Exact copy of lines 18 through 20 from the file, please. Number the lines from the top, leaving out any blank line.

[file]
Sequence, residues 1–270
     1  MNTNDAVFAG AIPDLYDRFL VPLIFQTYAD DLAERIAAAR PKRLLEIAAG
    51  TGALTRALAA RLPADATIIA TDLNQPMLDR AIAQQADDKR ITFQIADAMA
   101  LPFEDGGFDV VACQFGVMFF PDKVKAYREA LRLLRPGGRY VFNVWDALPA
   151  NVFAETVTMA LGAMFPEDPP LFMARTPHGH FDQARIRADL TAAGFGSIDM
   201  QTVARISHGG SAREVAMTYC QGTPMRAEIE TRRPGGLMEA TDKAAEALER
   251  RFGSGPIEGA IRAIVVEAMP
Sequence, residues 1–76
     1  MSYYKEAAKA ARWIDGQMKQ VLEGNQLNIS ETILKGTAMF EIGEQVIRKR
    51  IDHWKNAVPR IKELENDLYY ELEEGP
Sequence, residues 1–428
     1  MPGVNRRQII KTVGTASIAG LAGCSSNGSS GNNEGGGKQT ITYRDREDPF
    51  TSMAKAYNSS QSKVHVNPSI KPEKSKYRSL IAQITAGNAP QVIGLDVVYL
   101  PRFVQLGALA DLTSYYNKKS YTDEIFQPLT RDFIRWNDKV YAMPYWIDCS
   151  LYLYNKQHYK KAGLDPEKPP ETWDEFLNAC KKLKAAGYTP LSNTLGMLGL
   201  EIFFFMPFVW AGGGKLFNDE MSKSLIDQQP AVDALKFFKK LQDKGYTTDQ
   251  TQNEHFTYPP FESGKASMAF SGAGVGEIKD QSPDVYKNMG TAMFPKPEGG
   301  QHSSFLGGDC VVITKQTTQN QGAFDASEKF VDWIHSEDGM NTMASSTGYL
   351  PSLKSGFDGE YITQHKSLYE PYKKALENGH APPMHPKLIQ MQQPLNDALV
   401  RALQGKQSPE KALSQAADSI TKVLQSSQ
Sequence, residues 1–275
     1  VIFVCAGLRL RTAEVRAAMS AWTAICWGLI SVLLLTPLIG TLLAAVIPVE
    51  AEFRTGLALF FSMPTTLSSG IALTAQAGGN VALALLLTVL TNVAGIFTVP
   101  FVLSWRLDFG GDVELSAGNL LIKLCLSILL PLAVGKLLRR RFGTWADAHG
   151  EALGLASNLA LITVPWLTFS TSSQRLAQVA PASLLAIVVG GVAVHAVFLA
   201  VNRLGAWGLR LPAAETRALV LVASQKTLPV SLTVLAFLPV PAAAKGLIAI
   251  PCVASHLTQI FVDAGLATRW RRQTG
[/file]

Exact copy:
   301  QHSSFLGGDC VVITKQTTQN QGAFDASEKF VDWIHSEDGM NTMASSTGYL
   351  PSLKSGFDGE YITQHKSLYE PYKKALENGH APPMHPKLIQ MQQPLNDALV
   401  RALQGKQSPE KALSQAADSI TKVLQSSQ